Sunday, July 1, 2007
The Sierra Stallion
It’s not your father’s Citation!
Pilots often nickname airplanes they love and, conversely, ones they dislike. There’s “Spam Can” for Cessna pistons and there’s the denigrating “Fork-Tailed Doctor Killer” for V-tailed Bonanzas; one of the most derisive is “Slow ’Tation” for Cessna’s entry-level jet. It’s hard to believe, but some folks malign the Cessna Citation as a “near jet” and use other less-than-flattering descriptions. " />
Engine upgrades are common in the piston-engine arena, but they’re less common for jets. The economics for jet engines are driven by the fact that they’re rather expensive to buy and to maintain. A JT15D overhaul can cost from $175,000 to $500,000+, without any guarantee for final price. Most owners consider an upgrade when their engines reach TBO; in the jet market, that calculation is turned on its head. Resale value of the jet engine as a core is higher when the engine still has time left before TBO. These engines are commonly used as replacements for timed-out engines because of the unpredictability of overhaul costs.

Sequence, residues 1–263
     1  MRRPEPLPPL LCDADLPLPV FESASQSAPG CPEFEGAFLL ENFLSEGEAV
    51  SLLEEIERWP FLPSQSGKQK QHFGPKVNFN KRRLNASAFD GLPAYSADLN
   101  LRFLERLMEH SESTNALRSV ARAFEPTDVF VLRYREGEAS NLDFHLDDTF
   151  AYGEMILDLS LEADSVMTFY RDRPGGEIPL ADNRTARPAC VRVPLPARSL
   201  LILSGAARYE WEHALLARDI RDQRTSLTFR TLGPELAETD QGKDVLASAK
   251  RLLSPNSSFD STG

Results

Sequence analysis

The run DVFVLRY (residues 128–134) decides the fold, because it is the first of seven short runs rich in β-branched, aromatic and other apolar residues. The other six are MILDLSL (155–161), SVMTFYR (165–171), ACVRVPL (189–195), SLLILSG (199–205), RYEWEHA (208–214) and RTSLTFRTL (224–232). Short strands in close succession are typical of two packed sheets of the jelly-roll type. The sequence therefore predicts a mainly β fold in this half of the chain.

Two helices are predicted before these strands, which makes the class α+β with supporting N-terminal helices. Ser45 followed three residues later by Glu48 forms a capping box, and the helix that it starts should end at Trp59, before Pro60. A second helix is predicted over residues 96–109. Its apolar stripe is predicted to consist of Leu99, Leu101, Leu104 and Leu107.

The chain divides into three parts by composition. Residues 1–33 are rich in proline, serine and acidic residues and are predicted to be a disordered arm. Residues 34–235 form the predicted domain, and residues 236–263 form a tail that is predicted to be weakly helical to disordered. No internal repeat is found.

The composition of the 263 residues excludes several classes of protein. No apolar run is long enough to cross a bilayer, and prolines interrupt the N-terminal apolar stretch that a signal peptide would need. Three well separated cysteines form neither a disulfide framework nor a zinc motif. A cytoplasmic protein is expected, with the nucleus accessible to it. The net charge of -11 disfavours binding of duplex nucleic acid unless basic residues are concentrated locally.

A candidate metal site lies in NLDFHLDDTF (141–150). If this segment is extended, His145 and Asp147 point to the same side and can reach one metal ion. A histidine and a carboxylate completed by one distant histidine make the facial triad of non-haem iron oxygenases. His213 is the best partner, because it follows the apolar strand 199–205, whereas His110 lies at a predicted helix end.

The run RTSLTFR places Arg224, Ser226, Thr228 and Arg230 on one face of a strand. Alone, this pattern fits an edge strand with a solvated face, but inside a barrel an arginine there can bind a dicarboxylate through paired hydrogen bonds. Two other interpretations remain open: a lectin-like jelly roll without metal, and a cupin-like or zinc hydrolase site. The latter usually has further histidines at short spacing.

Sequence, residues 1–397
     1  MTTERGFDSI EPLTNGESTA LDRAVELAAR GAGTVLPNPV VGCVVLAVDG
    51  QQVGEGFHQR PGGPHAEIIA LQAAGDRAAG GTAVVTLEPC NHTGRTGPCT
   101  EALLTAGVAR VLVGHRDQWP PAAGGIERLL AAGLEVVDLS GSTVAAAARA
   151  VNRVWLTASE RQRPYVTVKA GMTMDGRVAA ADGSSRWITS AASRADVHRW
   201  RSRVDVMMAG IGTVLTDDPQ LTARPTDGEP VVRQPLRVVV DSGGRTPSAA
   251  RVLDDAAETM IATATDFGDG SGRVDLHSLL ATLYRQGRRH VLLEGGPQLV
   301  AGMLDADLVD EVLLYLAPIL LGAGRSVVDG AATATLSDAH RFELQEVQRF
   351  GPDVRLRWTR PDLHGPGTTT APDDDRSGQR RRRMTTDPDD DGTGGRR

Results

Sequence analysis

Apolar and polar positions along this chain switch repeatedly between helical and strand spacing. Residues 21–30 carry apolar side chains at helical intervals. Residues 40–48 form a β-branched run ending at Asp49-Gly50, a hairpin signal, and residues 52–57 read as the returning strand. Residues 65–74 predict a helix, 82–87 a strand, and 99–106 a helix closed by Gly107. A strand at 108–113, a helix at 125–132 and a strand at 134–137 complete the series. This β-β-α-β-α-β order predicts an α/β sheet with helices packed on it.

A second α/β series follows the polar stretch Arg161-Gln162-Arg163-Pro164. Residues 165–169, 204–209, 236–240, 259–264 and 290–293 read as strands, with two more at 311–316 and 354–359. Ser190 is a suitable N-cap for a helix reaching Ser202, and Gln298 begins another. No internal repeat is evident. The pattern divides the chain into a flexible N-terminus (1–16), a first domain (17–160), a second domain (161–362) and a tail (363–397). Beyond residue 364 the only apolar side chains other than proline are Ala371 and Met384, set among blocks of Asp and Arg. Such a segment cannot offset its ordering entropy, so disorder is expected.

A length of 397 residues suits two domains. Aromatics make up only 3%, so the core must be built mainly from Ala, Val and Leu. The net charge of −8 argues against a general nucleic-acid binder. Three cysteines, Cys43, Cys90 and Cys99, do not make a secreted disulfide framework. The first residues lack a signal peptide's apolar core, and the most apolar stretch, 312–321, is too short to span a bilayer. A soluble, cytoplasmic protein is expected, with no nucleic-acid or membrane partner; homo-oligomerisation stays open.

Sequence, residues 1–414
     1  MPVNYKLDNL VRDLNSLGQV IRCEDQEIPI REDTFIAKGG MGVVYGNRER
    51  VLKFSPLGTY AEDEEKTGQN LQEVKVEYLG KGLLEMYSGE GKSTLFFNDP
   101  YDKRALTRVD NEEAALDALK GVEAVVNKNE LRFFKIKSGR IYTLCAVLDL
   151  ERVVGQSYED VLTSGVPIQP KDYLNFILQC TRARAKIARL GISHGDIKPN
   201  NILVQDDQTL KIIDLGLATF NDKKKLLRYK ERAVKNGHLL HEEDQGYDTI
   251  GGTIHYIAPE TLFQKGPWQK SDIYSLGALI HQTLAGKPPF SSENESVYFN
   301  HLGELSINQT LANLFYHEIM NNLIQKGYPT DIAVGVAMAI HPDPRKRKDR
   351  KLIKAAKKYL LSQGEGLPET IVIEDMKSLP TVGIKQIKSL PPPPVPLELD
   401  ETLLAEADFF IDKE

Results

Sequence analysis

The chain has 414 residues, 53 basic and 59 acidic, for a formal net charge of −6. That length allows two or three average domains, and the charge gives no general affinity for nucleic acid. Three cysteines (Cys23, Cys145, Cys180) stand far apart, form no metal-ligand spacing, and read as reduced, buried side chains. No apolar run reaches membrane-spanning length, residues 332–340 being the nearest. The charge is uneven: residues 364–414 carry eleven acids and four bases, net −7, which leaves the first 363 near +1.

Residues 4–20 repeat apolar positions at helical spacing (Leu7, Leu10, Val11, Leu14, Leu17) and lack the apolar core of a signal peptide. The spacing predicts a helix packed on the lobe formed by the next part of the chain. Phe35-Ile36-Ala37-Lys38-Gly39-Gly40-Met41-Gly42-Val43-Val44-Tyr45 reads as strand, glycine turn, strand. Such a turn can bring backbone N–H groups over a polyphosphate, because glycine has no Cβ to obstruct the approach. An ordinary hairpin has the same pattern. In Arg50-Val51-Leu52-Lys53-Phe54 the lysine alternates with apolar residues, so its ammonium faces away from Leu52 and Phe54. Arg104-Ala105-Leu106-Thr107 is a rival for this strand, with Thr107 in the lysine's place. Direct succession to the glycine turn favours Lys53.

Sierra incorporated several new design features with the engine upgrade: a new support structure for the Williams fan-jet that improves maintenance access of the engine and a new engine inlet/exhaust system. In the cockpit, new, redundant, color, electronic displays replace the dial indicators and are a perfect match for the Williams electronic engine controller.
The Sierra facility is a one-stop shop that can perform all scheduled phase checks during the modification period, and install new avionics, interiors and paint. When you pick the airplane up at Sierra’s home airport, it’s a virtually new airframe/engine combination.
A recent count showed eight airplanes on the ramp and 10 in Sierra’s hangar. By any measure, it’s a significant fraction of the Citation fleet. “We’ve done 28 Eagle II airplanes and 10 Stallions thus far, and we expect to surpass 50 total by the end of the year,” Mark Huffstutler explains.
With such an improvement in performance, the Sierra Stallion competes head-to-head with brand-new bizjets in the same weight class. A cruise of 390 knots beats the Cessna CJ2+ and the Hawker Beechcraft Premier hands down. The Stallion’s climb rate exceeds the CJ2+’s by 600 fpm; it exceeds the Premier’s by 1,200 fpm on two engines and by 400 to 550 fpm on one engine. The biggest difference is maximum fuel payload for the Stallion, which is more than twice that of either brand-new jet—better numbers than new competitors at half the price.
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